NBC -- Doctor Itzhak Brook used to have a voice that was strong and powerful, a voice that could give direction and guidance, a voice that could save the lives of children.
"My voice was my tool and the way I dealt with the world before and I really always took it for granted," he says.
That voice was taken from him by oral cancer, which ravaged his throat and larynx, leaving him with a life changing choice: Remove the voice box or die from cancer.
"At that moment, I was so wanting this cancer out of me that to pay the price of losing my vocal chords was worth it. The other choice was to risk almost certain death," he says.
Brook says he was so focused on living that he never stopped to think about what he was losing.
He's a pediatric infectious disease specialist at Georgetown University Medical Center.
His voice is his delivery method, the way he communicates with his patients and colleagues.
Now he is left with barely a whisper.
"It was very difficult for me because initially at the hospital I was voiceless," he says. "I couldn't speak. I couldn't express my emotions. I could not use the same clarity I could use before."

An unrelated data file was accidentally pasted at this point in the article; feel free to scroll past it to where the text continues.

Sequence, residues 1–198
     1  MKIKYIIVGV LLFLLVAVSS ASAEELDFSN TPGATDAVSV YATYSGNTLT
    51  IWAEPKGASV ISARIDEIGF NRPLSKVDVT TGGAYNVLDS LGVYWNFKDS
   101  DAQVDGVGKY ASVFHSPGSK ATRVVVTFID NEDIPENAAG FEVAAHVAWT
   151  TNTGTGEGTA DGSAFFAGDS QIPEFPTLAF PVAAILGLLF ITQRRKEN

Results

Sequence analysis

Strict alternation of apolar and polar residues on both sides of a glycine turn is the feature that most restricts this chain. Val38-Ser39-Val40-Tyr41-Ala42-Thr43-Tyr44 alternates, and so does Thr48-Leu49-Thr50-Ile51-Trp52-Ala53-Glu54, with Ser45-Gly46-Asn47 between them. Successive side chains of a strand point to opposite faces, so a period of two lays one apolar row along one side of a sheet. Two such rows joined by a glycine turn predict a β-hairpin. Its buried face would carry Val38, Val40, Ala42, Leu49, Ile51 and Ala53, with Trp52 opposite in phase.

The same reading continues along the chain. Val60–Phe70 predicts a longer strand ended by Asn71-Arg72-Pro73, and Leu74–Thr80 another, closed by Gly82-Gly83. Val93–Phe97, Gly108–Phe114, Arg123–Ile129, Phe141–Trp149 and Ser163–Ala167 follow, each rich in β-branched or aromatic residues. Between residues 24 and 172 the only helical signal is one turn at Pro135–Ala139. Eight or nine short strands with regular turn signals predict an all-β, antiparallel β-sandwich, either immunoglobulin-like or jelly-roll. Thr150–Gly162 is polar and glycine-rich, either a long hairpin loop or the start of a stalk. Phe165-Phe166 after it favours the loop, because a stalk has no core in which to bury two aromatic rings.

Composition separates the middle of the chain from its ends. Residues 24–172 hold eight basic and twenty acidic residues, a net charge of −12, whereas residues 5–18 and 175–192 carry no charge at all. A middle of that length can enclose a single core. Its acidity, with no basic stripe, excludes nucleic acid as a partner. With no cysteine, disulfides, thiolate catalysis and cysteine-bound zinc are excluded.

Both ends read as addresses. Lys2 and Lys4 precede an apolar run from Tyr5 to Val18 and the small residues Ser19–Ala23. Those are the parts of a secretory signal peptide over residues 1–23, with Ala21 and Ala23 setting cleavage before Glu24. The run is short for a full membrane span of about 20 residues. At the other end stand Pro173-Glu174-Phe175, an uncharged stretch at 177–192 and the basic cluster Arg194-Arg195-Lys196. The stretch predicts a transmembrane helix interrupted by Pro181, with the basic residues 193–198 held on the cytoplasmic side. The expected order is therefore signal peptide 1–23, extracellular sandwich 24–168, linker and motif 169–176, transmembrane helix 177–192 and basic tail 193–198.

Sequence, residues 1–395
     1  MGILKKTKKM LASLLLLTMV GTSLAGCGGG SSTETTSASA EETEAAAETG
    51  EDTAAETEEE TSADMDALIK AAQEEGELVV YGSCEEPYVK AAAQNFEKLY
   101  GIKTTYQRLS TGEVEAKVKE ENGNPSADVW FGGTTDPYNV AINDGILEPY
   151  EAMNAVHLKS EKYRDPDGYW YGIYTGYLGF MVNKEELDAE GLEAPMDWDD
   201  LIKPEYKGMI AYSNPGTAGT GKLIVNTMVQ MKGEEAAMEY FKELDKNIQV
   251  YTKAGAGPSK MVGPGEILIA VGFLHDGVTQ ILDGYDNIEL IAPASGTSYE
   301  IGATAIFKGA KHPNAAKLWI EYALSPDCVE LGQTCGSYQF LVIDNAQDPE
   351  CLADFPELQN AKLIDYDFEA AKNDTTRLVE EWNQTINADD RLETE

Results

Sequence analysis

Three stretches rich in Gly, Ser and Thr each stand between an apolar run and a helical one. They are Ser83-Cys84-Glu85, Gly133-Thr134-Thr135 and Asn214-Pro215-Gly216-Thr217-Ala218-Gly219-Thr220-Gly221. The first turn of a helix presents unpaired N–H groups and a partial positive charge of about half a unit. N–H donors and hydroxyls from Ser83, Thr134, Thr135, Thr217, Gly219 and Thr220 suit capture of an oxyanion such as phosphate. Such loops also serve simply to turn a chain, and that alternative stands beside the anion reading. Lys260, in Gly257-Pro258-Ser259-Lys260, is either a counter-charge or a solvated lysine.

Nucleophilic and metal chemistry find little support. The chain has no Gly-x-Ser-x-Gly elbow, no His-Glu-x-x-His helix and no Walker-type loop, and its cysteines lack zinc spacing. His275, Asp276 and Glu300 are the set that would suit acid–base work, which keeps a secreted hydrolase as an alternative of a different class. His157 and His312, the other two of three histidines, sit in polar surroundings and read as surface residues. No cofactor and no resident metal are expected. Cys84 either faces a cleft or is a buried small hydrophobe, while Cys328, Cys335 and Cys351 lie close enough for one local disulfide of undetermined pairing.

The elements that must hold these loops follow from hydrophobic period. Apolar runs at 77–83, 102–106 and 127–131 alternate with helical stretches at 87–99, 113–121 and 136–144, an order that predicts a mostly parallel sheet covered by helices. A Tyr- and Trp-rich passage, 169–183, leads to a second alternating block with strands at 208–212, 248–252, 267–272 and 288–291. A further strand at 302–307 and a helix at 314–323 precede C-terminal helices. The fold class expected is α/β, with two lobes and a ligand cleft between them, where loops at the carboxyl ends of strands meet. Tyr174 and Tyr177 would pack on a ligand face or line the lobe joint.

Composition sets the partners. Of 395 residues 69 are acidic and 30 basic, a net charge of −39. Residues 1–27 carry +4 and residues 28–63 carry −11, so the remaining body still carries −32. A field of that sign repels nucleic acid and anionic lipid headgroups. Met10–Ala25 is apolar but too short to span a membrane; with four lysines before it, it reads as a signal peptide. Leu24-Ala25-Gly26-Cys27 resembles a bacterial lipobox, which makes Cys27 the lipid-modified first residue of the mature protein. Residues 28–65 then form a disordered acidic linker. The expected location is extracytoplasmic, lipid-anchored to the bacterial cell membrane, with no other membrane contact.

He sought the advice of otolaryngologist Dr. Bruce Davidson.
Davidson says there was still hope.
Brook could have a voice, but it would be different.
Dr. Brook got a prosthesis for his larynx.
It helps his reroute the air in the throat so that he can create sound.
While it doesn't sound like a typical voice, it's allowed him to practice medicine again.
"As time goes on, I learn to utilize my voice in a better way and I am able to verbalize almost everything," he says.
With speech therapy and practice, his voice has improved, but he still faces challenges.
Talking on the phone is difficult and he often feels like he has to stay silent in crowded places.
Despite what he's lost, brook says he fully appreciates what he has gained.
"I always look at what would have been the alternative and when I see my children and my grandchildren, I know that I made the right choice," he says.